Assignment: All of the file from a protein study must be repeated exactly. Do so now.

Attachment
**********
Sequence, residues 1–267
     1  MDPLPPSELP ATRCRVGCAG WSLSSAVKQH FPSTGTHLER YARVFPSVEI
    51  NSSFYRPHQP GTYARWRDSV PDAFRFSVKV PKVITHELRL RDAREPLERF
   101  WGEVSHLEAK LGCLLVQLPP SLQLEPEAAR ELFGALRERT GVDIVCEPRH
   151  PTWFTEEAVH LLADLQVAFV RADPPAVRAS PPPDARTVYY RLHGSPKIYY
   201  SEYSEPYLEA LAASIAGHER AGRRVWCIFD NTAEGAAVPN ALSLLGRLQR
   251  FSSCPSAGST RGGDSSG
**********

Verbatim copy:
Sequence, residues 1–267
     1  MDPLPPSELP ATRCRVGCAG WSLSSAVKQH FPSTGTHLER YARVFPSVEI
    51  NSSFYRPHQP GTYARWRDSV PDAFRFSVKV PKVITHELRL RDAREPLERF
   101  WGEVSHLEAK LGCLLVQLPP SLQLEPEAAR ELFGALRERT GVDIVCEPRH
   151  PTWFTEEAVH LLADLQVAFV RADPPAVRAS PPPDARTVYY RLHGSPKIYY
   201  SEYSEPYLEA LAASIAGHER AGRRVWCIFD NTAEGAAVPN ALSLLGRLQR
   251  FSSCPSAGST RGGDSSG